Hyderabad, June 17: With swine flu gradually turning deadly in many parts of the world, health experts and scientists fear that a mix of swine flu virus with human immunodeficiency virus (HIV) may lead to a cocktail of a severely potent viral strain that could wreak havoc.
The HIV-H1N1 co-infection risk is more in Andhra Pradesh as it has a large number of people living with HIV. The State has 5.4 lakh HIV positive cases, the highest number for any State in India. Since half of the 31 swine flu cases reported in the country are from Hyderabad and other parts of the State, any lax on the part
of health and quarantine authorities may spell a doom.
Since people with HIV have suppressed immunity, it takes quite a long period for swine flu virus to subside. The virus may develop into a potent viral strain by being a co-pathogen with the human immunodeficiency virus.
"People suffering from HIV, particularly those with low CD4 cell counts in their blood, are at higher risk of contacting swine flu. While swine flu may not develop pneumonia in ordinary people, chances are higher among people living with HIV," warns senior researcher Dr MN Khaja, who formed part of the team that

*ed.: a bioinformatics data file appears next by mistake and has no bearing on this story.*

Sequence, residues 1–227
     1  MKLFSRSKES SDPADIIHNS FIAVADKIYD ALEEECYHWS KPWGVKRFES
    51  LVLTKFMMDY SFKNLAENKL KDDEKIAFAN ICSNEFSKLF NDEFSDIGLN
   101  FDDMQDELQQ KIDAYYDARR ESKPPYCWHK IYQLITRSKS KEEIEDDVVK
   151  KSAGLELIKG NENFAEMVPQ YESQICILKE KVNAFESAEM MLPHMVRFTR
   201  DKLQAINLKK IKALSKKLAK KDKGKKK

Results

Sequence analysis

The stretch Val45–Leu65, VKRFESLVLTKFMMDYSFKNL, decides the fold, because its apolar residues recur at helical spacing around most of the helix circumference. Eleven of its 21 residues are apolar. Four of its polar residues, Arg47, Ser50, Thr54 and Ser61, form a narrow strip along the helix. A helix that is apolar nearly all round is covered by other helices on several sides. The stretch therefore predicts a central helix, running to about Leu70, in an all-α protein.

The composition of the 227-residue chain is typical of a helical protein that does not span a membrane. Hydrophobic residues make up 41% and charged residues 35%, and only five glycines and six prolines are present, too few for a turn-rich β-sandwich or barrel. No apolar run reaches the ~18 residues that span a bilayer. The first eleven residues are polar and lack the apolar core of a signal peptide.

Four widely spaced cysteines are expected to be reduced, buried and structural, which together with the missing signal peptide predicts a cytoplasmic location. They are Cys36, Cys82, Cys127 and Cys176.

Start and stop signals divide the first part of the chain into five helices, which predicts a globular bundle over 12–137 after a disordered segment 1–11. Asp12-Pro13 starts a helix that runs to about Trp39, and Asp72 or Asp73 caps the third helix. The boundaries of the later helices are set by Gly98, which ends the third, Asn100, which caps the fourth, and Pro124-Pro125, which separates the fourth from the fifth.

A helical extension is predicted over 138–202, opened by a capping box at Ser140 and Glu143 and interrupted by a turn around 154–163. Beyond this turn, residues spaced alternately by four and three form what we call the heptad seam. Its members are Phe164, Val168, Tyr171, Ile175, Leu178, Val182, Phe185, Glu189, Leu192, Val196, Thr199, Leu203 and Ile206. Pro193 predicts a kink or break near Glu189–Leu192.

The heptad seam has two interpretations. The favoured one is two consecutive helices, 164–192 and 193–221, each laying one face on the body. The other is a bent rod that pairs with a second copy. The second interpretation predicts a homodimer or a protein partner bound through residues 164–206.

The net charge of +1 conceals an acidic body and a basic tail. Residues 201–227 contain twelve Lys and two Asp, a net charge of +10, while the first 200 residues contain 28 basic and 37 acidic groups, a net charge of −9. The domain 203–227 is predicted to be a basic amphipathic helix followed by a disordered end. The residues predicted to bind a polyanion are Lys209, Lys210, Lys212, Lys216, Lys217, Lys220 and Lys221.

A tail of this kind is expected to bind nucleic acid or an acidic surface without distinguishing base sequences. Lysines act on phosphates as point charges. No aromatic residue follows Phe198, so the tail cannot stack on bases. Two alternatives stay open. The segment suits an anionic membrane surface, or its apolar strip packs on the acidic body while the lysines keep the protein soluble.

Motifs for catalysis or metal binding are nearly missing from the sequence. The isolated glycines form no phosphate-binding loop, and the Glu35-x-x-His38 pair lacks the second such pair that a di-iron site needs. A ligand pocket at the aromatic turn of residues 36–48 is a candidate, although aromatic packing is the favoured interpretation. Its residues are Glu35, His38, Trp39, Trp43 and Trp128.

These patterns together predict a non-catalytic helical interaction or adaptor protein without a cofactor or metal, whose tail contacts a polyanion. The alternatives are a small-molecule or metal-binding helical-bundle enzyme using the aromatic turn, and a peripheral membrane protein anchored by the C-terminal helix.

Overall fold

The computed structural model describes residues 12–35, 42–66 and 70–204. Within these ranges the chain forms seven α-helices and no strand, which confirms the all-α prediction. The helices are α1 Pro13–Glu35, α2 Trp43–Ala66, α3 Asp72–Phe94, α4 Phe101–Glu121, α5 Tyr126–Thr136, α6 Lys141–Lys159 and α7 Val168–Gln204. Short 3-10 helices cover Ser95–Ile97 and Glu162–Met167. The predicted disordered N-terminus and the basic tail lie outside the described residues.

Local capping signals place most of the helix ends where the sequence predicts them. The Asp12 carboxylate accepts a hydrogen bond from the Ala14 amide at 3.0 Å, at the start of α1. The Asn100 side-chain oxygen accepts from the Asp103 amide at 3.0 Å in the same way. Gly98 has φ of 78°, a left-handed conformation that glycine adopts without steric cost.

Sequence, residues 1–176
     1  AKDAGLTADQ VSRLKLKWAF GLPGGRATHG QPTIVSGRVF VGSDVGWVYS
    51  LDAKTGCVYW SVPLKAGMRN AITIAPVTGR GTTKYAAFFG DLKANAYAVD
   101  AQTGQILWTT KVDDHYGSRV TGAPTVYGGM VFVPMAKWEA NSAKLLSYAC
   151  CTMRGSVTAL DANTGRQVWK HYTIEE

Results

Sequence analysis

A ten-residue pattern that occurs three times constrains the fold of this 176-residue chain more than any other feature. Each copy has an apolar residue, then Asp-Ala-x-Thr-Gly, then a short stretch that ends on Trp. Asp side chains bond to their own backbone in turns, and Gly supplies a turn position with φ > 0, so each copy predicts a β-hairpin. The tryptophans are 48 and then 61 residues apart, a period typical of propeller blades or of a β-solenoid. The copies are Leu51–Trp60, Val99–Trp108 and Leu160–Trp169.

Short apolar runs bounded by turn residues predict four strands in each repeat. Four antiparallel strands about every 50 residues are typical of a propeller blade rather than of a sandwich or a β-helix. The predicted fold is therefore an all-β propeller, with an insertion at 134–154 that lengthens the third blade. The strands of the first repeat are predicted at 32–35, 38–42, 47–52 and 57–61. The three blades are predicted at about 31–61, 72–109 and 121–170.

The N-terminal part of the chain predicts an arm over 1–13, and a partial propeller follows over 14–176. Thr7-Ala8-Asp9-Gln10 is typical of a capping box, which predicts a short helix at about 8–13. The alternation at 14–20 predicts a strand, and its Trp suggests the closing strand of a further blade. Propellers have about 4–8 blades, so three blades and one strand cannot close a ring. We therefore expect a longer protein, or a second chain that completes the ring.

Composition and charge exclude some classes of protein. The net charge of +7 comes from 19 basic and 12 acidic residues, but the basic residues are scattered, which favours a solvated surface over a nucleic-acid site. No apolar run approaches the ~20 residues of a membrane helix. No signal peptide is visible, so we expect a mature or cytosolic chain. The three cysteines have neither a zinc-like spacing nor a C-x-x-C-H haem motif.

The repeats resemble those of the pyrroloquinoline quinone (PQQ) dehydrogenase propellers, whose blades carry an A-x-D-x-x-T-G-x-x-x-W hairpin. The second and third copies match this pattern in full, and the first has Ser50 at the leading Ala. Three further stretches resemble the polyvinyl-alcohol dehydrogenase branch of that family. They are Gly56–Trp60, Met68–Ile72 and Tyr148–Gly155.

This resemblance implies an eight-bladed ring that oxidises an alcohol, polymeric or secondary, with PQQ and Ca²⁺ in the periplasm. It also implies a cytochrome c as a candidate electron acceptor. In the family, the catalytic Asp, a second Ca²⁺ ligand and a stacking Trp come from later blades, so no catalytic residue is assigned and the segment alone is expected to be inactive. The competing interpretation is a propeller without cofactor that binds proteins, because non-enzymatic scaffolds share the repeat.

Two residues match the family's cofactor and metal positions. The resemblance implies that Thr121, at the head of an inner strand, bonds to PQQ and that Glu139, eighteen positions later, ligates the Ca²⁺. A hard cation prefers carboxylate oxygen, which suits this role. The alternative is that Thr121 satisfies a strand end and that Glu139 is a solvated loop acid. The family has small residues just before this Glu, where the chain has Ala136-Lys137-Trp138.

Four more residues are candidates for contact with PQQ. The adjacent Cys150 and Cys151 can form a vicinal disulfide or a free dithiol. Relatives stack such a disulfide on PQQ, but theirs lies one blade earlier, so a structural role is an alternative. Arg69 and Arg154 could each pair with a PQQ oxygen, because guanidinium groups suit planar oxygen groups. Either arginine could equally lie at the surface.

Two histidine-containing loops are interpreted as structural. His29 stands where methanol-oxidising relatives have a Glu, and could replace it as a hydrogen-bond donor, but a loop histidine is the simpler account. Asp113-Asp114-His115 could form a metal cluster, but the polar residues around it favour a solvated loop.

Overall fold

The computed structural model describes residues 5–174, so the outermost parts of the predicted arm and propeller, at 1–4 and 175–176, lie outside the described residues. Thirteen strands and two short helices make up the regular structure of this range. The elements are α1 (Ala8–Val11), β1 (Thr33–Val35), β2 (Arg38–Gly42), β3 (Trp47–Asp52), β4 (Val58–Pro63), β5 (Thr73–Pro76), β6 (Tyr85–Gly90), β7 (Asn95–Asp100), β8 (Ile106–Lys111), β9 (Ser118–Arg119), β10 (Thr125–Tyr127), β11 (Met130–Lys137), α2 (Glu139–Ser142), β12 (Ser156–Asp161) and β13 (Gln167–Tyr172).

sequenced Hepatitis C virus.
Moreover, the swine flu or novel influenza A (H1N1) virus may emerge into a more potent viral strain in PLWH as in the case of tuberculosis bacteria. The TB bacteria has turned more potent in people with TB and HIV co-infection, causing resistance to available drugs.
"Though we do not have sufficient research data on H1N1 and HIV co-infection and how severe the human influenza virus would behave in people with low or compromised immunity, the World Health Organisation and the Centers for Disease Control and Prevention, USA, have preliminary data that suggests the severity of the problem. The virus may turn more lethal and a new strain may emerge in HIV hosts," Dr Khaja told this correspondent.
Health officials point out that adults and adolescents with HIV infection are known to be at higher risk for viral and bacterial lower respiratory tract infections and for different types of recurrent pneumonia. Evidence that influenza can be more severe for HIV-infected adults and adolescents comes from studies among HIV-infected persons who had seasonal influenza.
The novel influenza A virus has been found to be sensitive to the neuraminidase inhibitor anti viral medications zanamivir and oseltamivir. But whether it works in people living with HIV is not yet clear.
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